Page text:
Global Law Firm

PLT was instructed to assist a client whose office had been raided by the European Commission (EC).

To help the instructed law firm review the actions by the regulator and to assist with the document review exercise by quickly capturing and processing the relevant documents for review so a leniency application could be considered.

Supervision of the regulator’s capture process; identification of additional custodians; a multi-layered review that included numerous complex searches; a second phase that involved several simultaneous internal investigations across multiple jurisdictions.

Overview Phase One
The day after the raid, the team arrived on-site to repeat the regulator’s capture process so it could be determined exactly what they had had access to. On arrival, they discovered that the EC was still in situ, so PLT was instructed to supervise the Commission and ensure they stuck to their order and brief.

After the EC completed its raid our experts widened and deepened the parameters of the capture process set by the EC by speaking to the lawyers and staff on-site and identifying additional custodians who might have relevant information. Thanks to this proactive approach, data was collected from approximately 25 custodians in a single day by accessing their computers, network and email data. The data then had to be processed and reviewed and made available to the lawyers for review. Time was of the essence due to the potential applications for leniency so the team worked through the weekend and, by the Monday morning, over one million documents had been made available to the lawyers for search and review.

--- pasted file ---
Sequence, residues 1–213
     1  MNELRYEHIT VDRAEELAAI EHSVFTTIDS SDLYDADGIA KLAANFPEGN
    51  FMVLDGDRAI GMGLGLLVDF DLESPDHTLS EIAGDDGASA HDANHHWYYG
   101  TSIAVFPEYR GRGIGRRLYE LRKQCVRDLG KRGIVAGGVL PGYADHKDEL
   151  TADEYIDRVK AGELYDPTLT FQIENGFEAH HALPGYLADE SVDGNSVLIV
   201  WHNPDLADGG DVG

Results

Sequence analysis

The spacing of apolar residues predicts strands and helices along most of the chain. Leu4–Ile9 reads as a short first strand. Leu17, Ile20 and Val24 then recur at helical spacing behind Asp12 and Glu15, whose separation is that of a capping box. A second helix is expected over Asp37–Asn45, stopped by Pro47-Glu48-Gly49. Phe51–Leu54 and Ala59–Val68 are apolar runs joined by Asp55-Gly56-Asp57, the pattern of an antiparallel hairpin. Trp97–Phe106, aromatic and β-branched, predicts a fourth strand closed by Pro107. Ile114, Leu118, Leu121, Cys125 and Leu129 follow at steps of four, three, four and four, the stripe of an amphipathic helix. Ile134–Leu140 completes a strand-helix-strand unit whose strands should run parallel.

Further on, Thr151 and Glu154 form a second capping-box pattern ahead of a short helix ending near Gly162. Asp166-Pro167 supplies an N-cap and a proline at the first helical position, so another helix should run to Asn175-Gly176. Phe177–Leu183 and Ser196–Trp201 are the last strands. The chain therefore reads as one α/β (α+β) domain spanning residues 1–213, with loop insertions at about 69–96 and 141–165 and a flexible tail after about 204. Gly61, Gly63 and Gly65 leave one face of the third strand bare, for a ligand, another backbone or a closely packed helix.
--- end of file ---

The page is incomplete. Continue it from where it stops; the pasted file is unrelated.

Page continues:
The review incorporated a number of themes, each comprising complex searches. As a result, the workflow was mapped around that plan so the lawyers could assign reviewers to each part. An efficient and effective review was further ensured by segregating the documents and setting up the coding for each theme.

Overview Phase Two
Following an agreement with the regulator, a second phase came when the company under investigation organised simultaneous internal raids at nine sites across seven countries in Europe and the Middle East. In each instance, PLT was on-site to collect relevant data from laptops and desktops, servers and mobile/smart phones due to concerns over the behaviour of certain employees in each of the different jurisdictions. It was discovered that some of the key custodians had used chat messaging to communicate rather than email. As a result, hundreds of thousands of online chat messages had to be pulled apart so they could be interpreted by the processing and review platforms as mail type data rather than a bespoke chat format. This allowed the lawyers to analyse and consider the complete corpus of communications as opposed to just one medium.

All relevant data was successfully processed and made available for review to the lawyers allowing them to make an early application for leniency.